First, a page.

Comments:DISQUS_COMMENTS gynaecology

More than half of all girls and women suffer from dysmenorrhea, cramps (lower abdominal/pelvic pain that begins with onset of menses and lasts 8-72 hours). Menstruating women of any age can experience cramps, but usually teens are the most affected (80%).

Dysmenorrhea can feature different kinds of pain, including sharp, throbbing, dull, nauseating, burning, or shooting pain. While the pain may be only mild for some women, others experience severe discomfort that can significantly interfere with everyday activities for several days each month. It is a menace that must be managed to minimize the loss incurred by women missing work or study time.



Dysmenorrhea is considered to be "primary" when there is no specific abnormality, and "secondary" when the pain is caused by an underlying gynecological problem.

Primary dysmenorrhea usually begins within the first 6 months after menarche once a regular ovulatory cycle has been established.

Secondary dysmenorrhea is rare and may be due to:

  • endometriosis,
  • adenomyosis
  • PID (pelvic inflammatory diseases)
  • uterine fibroid.
  • The presence of a copper IUD (Intrauterine device)
  • Leiomyomata (fibroids)
  • Tubo-ovarian abscess
  • Ovarian torsion
  • Ovarian cysts

Dysmenorrhea can be further classified as:

  1. Spasmodic- manifests as cramping pains generally most pronounced on the first and second day of menstruation
  2. Congestive-manifests as increasing pelvic discomfort and pain a few days before menses begin
  3. Membranous- here the endometrium is shed as a cast at time of menstruation and at this very moment painful uterine cramps accompany it.

PATHOPHYSIOLOGY (Why it happens)

During menstruation, sloughing endometrial cells release prostaglandins. It is these prostaglandisn E₂ and F₂ alpha which cause vasoconstriction and myometrial contractions. However, the level of prostaglandins does not seem to have anything to do with how strong a woman's cramps are. Some women have high levels of prostaglandins and no cramps, whereas other women with low levels have severe cramps. This is why experts assume that other factors such as genetics, stress, and different body types play a role in causing dysmenorrhea.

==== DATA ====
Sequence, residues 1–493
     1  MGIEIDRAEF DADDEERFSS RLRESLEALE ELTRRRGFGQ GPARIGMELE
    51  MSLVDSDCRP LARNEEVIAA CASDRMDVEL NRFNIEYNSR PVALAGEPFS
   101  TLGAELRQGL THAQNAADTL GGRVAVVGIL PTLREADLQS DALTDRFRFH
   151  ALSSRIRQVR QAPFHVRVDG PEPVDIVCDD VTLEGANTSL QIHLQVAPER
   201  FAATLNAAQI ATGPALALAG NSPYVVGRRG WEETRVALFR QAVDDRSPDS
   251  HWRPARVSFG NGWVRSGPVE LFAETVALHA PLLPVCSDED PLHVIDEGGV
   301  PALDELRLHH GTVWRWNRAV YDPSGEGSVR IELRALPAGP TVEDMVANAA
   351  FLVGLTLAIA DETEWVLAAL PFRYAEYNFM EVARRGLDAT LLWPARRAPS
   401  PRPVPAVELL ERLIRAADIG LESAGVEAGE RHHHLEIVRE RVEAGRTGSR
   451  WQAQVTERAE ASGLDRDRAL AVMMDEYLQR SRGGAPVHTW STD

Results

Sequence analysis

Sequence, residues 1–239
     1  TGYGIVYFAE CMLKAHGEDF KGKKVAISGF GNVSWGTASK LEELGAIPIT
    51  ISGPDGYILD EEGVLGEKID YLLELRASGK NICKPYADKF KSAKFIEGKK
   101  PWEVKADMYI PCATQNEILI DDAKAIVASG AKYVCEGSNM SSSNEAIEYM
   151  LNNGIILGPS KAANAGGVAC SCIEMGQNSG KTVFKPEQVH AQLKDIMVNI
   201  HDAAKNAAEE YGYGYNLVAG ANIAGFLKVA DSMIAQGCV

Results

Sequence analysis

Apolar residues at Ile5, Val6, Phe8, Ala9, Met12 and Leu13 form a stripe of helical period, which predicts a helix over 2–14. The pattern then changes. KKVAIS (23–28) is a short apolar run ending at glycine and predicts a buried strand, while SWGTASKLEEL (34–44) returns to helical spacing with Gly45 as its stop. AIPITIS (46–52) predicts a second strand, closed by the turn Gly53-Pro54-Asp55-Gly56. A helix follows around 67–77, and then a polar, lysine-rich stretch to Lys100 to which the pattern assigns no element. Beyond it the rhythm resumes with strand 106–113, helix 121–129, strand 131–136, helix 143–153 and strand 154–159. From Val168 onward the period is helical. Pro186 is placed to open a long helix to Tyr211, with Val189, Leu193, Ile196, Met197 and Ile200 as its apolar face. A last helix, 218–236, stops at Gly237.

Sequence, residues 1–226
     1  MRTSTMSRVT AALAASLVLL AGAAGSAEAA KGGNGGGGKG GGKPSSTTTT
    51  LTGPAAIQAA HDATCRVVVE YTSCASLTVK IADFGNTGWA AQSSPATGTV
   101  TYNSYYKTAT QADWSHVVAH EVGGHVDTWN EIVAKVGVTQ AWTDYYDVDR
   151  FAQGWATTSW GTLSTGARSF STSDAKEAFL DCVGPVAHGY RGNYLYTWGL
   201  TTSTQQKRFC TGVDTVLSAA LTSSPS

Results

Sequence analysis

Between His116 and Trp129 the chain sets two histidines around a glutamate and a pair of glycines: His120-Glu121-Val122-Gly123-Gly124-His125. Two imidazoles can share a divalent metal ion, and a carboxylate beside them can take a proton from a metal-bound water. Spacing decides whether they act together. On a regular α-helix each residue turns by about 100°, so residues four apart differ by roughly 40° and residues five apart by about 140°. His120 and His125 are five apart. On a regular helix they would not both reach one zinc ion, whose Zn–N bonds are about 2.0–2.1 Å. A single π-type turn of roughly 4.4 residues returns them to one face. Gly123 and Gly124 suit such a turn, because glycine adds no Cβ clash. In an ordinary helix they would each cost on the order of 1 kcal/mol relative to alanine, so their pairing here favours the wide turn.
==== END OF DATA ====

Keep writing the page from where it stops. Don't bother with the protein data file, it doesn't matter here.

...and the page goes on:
Signs and symptoms

The main and only symptom is usually lower abdominal/pelvic pain that begins with onset of menses and lasts 8-72 hours.

However, in some women and girls, uterine cramping may be accompanied by other symptoms such as;

  • giddiness
  • syncope and fainting.
  • Low back pain
  • Medial/anterior thigh pain
  • Headache Diarrhea
  • Nausea/vomiting



Most women respond to anti-inflammatory drugs like mefenamic acid and naproxane.


Simple analgesics, such as aspirin and acetaminophen, may also be useful, especially when NSAIDs are contraindicated.

Leukotriene-receptor antagonist

montelukast, a leukotriene-receptor antagonist is also known to give relief.


Certain dietary supplements may be effective, Thiamine, fish oil, pyridoxine, magnesium, vitamin E, increasing fiber, calcium, and complex carbohydrates, cutting fat, red meat, dairy products, caffeine, salt, and sugar.


Oral contraceptives, which block monthly ovulation and may decrease menstrual flow, may also relieve symptoms.


  • Pulsed electromagnetic field therapy (Allay patch)- a zapper in your undies that periodically fires mild current through the abdomen
  • direct application of heat is a common effective strategy.
  • Simply changing the position of the body can help ease cramps. The simplest technique is assuming the fetal position, with knees pulled up to the chest while hugging a heating pad or pillow to the abdomen.
  • Yoga
  • Aromatherapy and massage.
  • Acupuncture
  • Exercise may be a way to reduce the pain of menstrual cramps through the brain's production of endorphins, the body's own painkillers.
  • orgasm can make a woman feel more comfortable by releasing tension in the pelvic muscles.
Last modified onFriday, 05 July 2013 16:24
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